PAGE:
Although not compulsory, mediation can often achieve settlement of claims and should always be considered as early as practicably possible whether proceedings are contemplated or existing. A sensible resolution through mediation will avoid the costs of litigation being incurred if achieved during the pre-action period or could even simply narrow the issues that the parties then go on to litigate – again thereby saving costs.
There have been a number of cases on the perils of refusing to mediate where one party has been penalised in costs for an unreasonable refusal.
The leading case on the consequences of refusing to enter into ADR is Halsey v Milton Keynes General NHS Trust  in which the Court of Appeal held that most cases are suitable for mediation. When deciding whether a refusal to engage in ADR is unreasonable, all the circumstances of the case should be considered with the following considerations being highly relevant:
The nature of the dispute
The merits of the case
Whether other settlement methods have been attempted
Whether the costs of ADR would be disproportionately high
Whether any delay in setting up and attending ADR would be prejudicial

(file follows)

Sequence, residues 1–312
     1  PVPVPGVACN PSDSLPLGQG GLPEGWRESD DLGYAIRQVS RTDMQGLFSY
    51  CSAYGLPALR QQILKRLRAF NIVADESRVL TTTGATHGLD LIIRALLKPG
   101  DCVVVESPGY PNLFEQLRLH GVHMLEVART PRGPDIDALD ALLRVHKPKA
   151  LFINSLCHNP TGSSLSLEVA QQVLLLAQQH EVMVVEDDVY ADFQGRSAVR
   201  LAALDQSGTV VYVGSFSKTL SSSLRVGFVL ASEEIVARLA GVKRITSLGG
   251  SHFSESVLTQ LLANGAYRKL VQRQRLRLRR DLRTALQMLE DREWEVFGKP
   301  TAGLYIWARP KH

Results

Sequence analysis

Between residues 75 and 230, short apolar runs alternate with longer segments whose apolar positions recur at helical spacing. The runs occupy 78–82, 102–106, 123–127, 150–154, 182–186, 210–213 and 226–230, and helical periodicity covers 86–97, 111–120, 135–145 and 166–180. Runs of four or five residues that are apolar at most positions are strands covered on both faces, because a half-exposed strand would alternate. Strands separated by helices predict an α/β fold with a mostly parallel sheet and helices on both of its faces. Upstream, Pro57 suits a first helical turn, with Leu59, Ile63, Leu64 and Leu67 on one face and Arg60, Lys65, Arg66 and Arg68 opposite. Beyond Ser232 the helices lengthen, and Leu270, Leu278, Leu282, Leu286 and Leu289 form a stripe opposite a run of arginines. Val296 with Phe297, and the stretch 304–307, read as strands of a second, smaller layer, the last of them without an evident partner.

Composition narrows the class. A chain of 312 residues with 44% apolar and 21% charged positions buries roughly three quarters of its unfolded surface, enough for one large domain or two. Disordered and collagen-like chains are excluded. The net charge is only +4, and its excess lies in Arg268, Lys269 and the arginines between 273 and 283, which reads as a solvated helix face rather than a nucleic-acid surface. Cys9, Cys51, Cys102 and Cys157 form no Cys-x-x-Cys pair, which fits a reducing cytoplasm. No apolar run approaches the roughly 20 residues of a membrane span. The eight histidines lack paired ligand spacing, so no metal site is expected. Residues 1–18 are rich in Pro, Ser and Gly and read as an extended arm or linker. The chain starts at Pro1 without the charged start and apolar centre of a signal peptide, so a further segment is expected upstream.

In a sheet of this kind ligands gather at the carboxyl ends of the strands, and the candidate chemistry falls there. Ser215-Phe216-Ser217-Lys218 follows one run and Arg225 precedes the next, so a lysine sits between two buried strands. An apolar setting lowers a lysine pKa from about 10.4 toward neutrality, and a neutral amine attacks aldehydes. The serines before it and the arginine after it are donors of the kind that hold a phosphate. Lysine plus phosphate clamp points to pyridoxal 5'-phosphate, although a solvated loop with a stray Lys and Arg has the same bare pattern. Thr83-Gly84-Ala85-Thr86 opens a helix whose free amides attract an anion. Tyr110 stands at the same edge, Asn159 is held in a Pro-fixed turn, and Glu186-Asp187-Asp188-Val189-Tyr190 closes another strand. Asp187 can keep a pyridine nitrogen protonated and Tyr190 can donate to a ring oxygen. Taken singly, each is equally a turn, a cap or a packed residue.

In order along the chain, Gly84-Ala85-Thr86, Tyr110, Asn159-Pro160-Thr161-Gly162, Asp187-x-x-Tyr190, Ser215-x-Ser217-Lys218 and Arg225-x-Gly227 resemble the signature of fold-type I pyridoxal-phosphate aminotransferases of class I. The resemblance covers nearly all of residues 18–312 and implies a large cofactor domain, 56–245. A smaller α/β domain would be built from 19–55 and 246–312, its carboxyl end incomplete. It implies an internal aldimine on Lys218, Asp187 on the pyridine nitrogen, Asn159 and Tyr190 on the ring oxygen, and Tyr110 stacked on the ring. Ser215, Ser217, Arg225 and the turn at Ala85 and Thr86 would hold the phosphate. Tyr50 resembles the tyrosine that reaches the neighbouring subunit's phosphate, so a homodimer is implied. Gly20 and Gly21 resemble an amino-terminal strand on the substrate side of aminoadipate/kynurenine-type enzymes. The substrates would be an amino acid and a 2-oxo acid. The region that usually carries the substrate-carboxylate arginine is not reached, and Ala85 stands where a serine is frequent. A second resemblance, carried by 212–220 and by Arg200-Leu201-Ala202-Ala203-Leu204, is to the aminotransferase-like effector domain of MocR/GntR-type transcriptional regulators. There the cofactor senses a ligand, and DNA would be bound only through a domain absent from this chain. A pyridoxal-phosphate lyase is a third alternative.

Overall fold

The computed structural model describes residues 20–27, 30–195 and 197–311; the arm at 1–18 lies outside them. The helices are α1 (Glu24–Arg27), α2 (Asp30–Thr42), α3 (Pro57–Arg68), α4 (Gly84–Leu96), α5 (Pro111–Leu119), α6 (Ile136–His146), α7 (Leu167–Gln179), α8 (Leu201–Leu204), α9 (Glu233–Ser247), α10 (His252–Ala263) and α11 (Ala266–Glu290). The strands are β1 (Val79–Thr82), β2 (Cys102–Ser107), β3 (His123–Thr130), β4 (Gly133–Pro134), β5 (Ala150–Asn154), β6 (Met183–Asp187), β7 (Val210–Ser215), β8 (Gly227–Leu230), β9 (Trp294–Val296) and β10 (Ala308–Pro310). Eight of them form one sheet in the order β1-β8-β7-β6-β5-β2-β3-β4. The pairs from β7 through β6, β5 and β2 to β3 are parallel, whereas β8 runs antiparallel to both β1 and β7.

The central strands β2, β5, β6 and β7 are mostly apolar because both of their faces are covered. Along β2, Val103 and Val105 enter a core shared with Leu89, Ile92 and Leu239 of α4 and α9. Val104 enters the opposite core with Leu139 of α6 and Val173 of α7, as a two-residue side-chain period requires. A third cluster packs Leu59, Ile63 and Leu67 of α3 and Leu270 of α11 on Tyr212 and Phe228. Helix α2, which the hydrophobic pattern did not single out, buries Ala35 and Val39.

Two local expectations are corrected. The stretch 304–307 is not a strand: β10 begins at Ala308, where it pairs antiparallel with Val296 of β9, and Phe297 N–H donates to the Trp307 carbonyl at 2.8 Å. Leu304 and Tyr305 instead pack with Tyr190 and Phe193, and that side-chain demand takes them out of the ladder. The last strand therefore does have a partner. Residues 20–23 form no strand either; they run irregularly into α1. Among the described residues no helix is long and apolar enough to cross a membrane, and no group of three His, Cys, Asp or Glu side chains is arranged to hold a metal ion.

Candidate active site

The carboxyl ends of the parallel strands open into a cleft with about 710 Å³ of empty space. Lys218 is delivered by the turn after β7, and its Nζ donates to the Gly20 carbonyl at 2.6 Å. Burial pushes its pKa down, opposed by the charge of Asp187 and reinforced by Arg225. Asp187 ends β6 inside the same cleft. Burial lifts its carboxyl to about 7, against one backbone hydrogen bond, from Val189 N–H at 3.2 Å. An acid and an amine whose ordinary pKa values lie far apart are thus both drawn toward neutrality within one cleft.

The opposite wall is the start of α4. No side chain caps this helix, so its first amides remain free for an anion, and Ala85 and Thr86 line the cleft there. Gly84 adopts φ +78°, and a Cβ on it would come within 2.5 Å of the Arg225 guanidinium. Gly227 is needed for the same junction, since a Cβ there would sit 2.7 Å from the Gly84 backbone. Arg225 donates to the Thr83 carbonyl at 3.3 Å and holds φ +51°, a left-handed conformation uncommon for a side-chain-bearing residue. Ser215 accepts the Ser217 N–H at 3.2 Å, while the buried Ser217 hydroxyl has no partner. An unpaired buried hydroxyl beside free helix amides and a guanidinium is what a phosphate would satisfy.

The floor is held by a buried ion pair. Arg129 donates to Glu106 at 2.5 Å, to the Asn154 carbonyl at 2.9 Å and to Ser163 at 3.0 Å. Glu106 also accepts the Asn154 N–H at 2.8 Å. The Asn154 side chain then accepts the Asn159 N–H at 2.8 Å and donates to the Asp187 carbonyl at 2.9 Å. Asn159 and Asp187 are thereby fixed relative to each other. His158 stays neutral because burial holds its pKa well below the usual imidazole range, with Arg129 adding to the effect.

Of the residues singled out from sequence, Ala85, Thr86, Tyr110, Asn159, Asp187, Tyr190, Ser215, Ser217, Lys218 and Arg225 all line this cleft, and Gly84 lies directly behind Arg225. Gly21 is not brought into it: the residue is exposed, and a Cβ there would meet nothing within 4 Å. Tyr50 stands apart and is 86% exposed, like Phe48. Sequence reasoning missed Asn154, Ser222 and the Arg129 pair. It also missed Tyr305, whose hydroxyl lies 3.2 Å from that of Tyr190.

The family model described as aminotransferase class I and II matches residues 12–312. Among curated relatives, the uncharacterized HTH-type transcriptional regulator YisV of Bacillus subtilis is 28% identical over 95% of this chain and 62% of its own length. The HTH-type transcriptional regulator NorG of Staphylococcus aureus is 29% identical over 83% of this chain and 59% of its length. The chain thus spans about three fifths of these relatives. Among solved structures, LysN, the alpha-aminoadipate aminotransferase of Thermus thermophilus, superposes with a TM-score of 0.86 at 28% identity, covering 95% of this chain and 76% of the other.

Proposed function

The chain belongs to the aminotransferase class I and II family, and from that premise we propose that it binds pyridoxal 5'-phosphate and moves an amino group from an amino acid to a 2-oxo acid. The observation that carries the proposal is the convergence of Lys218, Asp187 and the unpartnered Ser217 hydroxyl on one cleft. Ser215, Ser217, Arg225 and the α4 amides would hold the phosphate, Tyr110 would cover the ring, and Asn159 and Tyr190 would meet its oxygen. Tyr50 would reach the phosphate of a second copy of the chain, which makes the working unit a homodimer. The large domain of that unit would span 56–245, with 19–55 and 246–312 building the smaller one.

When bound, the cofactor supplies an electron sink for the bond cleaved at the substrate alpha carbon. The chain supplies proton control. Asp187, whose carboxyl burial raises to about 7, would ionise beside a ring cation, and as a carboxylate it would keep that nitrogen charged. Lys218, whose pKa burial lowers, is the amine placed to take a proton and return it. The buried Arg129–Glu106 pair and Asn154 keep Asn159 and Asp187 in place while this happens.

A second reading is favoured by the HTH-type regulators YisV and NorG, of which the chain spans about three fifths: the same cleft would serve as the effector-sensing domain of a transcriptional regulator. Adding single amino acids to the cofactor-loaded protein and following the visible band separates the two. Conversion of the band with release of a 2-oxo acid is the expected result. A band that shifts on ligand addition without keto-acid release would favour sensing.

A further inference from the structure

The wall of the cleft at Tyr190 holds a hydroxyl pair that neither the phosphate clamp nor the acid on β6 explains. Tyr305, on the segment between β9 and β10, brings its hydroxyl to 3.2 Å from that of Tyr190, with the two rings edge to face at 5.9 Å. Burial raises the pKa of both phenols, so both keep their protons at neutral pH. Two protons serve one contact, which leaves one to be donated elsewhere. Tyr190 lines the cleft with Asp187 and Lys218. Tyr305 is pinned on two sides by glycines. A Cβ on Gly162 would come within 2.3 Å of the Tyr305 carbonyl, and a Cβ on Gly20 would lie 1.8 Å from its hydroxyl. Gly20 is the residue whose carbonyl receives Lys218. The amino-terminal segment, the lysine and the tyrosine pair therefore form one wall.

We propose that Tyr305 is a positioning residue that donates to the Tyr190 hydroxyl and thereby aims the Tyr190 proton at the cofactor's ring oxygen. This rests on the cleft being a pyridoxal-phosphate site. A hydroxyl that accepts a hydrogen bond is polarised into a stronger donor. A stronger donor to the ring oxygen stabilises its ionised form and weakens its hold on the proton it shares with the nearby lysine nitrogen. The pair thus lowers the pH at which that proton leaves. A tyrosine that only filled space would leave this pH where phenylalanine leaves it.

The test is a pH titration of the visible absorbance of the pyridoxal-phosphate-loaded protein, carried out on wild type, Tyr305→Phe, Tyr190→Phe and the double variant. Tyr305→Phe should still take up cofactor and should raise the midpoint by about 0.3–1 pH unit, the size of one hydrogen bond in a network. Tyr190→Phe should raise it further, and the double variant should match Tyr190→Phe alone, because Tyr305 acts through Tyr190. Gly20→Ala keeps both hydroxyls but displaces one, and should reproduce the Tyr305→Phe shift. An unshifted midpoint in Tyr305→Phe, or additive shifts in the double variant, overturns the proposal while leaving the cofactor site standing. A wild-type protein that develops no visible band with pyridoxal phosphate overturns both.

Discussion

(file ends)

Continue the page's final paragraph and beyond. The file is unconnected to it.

Whether the ADR has a reasonable prospect of success.
Since Halsey, there have been a plethora of cases in which refusals to mediate have been found to be unreasonable. Of particular note are:
PGF II SA v OMFS Company 1 Ltd , in which the Court of Appeal held that refusing to respond in any way at all to two invitations to engage in ADR was unreasonable, regardless of whether a refusal to engage in mediation might have been justified. The defendant was refused costs to which it would otherwise have been entitled.
Garritt-Critchley v Ronnan , in which the defendants – bearing in mind the PGF decision – responded to invitations to mediate but consistently refused to mediate due to their confidence in the strength of their case and their view the parties were too far apart. They were ordered to pay the successful claimants’ costs on an indemnity basis.
Laporte and another v The Commissioner of Police of the Metropolis , the most recent case, in which a refusal to mediate on the basis that the defendant thought the claimant would only accept a financial offer which the defendant was not likely to make was held to be unreasonable and resulted in the successful defendant recovering only two-thirds of its legal costs.
While mediation is not compulsory, parties to litigation need to be aware that the authorities clearly indicate a robust encouragement of ADR by the courts. Given the increase in court issue fees and the costs sanctions that can be handed out following a refusal to mediate, it would be a brave party that refuses to mediate without good reason. What seems like good reason at the time of refusal may not seem so good following trial when the court then has the benefit of hindsight. That unreasonable stance has just become more costly
Greg Standing is a partner in the finance litigation team, Wragge Lawrence Graham & Co